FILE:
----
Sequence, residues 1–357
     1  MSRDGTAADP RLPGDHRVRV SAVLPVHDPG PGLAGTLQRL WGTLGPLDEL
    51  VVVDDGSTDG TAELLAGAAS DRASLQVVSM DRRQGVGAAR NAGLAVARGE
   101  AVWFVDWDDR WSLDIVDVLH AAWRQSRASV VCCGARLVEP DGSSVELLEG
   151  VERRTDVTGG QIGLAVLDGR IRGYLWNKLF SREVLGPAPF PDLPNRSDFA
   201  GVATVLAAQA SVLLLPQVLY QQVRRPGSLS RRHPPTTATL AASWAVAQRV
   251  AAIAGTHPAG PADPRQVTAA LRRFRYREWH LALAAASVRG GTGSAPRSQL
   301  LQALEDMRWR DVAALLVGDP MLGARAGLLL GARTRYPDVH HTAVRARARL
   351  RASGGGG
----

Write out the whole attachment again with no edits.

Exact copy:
Sequence, residues 1–357
     1  MSRDGTAADP RLPGDHRVRV SAVLPVHDPG PGLAGTLQRL WGTLGPLDEL
    51  VVVDDGSTDG TAELLAGAAS DRASLQVVSM DRRQGVGAAR NAGLAVARGE
   101  AVWFVDWDDR WSLDIVDVLH AAWRQSRASV VCCGARLVEP DGSSVELLEG
   151  VERRTDVTGG QIGLAVLDGR IRGYLWNKLF SREVLGPAPF PDLPNRSDFA
   201  GVATVLAAQA SVLLLPQVLY QQVRRPGSLS RRHPPTTATL AASWAVAQRV
   251  AAIAGTHPAG PADPRQVTAA LRRFRYREWH LALAAASVRG GTGSAPRSQL
   301  LQALEDMRWR DVAALLVGDP MLGARAGLLL GARTRYPDVH HTAVRARARL
   351  RASGGGG